As a general rule, I don’t do superhero movies. Not anymore.
As a kid, I read my big brother Jeff’s X-Men and Fantastic Four comics, mostly because I wanted to be as cool as I thought he was, and it gave us a common interest, two more things to talk about. Usually I didn’t actually know what I was talking about, but I did think a black and blonde superheroine (X-Men’s Storm) was pretty cool, and the “death” of good girl Jean Grey and her apparent rebirth as bad girl Dark Phoenix was as good as anything Luke and Laura were doing on General Hospital.
In the ’80s, I saw the Superman films but preferred reruns of the ’50s TV series. Even better: repeats of the ’60s Batman series. I went to the cinema for all four Batman movies in the ’90s — and loved exactly one-half of them (the Tim Burton-directed half). After that, I sort of lost interest. That means I missed Tobey Maguire’s Spider-Man, the first Superman reboot, Fantastic Four, The Incredibles, Hulk (part of which I once did see on mute in my gym in Buenos Aires) and The Incredible Hulk, X-Men and all of its evil spawn, as well as B-listers like Daredevil, The Green Lantern, The Green Hornet and Catwoman.
I did make it to see The Dark Knight in the theater but only because I was visiting my friend Dave in New York City, and he insisted. I didn’t love the movie as much as everyone else did, but at least I got to cross an Oscar film off of my must-see list during the summer. Since Heath Ledger is not around to reprise his Oscar-winning role as the Joker, I have no interest in seeing the next Batman film, or the Spider-Man reboot with Andrew Garfield as the web slinger, or the second Superman reboot (though I must admit that Amy Adams as Lois Lane might pique my curiosity just enough to check it out).
So why in God’s name is The Avengers getting such a rise out of me? Although I love Robert Downey Jr. and enjoy looking at Chris Evans (Cellular is one of my all-time guilty cinematic pleasures) and Liam Hemsworth (blame it on my weakness for hot Australian men), I have yet to see either of Downey’s Iron Man films, Evans as Captain America or Hemsworth as Thor in their respective 2011 movies.
But I don’t think I can pass up the opportunity to see Mark Ruffalo as both Bruce Banner (a big-screen role previously played, but hardly definitively, by Eric Bana and Edward Norton) and the Hulk (whose two previous screen appearances was courtesy of CGI).
Few actors in Hollywood have had as curious a career as Mark Ruffalo. I’ve loved him ever since I first saw him in You Can Count on Me, couldn’t take my eyes off of him in The Eternal Sunshine of the Spotless Mind, and was thrilled when he finally earned his first Oscar nomination last year for The Kids Are All Right. He plays the man-child so well, and since I can’t seem to get enough of them in real life, it would make sense that an actor who embodies them so perfectly on celluloid would hook me, too. I’m not so sure if the sexuality of lipstick lesbians is as fluid as Queer As Folk, Grey’s Anatomy and The Kids Are All Right would have us believe, but I totally understand why Ruffalo would make Julianne Moore bi-curious. If you’re going to cheat on Annette Bening, he’d better be really worth it.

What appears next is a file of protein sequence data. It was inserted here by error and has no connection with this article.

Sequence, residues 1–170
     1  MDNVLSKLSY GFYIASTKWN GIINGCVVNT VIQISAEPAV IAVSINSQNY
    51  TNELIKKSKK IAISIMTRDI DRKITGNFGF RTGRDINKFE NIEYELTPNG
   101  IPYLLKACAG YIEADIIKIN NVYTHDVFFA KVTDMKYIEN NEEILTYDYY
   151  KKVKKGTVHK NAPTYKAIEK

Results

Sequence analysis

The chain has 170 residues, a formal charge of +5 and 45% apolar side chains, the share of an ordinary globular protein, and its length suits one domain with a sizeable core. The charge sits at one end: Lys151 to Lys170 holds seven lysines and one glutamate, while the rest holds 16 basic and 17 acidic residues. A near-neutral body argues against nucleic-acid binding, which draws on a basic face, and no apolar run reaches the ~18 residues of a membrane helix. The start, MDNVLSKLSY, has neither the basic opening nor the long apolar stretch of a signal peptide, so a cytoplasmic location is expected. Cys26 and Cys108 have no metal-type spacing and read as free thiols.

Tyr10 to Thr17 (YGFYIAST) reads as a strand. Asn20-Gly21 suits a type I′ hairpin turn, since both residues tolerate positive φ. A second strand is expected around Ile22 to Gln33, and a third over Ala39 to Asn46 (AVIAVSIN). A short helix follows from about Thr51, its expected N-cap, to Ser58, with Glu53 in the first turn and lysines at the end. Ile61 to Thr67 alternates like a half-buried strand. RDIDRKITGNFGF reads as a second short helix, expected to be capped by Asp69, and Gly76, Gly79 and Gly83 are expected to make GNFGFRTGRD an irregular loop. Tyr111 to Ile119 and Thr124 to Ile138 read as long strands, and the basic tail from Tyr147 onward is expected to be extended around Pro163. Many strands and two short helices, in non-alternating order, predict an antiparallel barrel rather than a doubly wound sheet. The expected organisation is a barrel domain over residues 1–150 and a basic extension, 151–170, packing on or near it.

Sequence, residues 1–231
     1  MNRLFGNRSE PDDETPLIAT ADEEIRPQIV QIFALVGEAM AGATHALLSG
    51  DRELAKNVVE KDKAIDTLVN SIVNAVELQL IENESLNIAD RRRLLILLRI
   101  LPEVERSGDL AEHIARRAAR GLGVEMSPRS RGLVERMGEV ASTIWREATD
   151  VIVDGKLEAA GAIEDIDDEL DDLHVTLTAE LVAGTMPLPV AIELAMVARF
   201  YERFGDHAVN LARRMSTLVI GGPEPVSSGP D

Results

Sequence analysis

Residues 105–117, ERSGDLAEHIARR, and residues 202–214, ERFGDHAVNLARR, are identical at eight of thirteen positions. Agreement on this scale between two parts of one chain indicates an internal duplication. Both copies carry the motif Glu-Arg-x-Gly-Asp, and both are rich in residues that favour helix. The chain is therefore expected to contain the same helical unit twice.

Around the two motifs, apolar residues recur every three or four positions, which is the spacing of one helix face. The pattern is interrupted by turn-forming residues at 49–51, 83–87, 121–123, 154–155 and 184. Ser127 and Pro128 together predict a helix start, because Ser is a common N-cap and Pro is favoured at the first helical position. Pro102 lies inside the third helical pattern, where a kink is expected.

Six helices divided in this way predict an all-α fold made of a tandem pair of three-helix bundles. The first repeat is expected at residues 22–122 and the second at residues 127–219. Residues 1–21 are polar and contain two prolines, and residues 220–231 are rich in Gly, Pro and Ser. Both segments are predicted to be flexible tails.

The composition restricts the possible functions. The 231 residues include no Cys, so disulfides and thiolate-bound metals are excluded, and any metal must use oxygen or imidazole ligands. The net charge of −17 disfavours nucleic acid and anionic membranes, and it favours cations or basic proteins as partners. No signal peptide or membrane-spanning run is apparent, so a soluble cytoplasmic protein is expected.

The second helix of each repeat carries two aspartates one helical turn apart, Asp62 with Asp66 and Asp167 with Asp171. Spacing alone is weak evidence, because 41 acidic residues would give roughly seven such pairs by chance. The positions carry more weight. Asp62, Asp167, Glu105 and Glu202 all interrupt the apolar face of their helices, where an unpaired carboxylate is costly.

“That doesn’t even look like him,” Lori declared as we stood looking at Ruffalo as Bruce Banner on the Avengers poster in the cinema in Bangkok’s Central World, where the film opened this week, well ahead of its May 4 U.S. premiere. She was right, but who else would even know that? It’s not like the general movie-going populace is used to seeing Ruffalo on magazine covers and reading about him in the tabloids. Many people probably don’t even know his name, only that he’s “that guy in that other movie,” one in which he probably wasn’t playing the lead. He hardly ever plays the lead.
Though he’s every bit as skilled and handsome as the Brad Pitts and Ryan Goslings of Hollywood, Ruffalo has had most of his success in supporting roles or playing the second-billed romantic interest to female rom-com stars like Reese Witherspoon (in Just Like Heaven) and Jennifer Garner (in 17 Going on 30). Even when he gets a shot at a franchise, he has to share it with a bunch of other actors.
I don’t know what The Avengers will ultimately do for Ruffalo’s career — maybe nothing, maybe everything. If it turns out to be the latter, I want to be able to say that I was there when a long-gestating box-office star was finally born.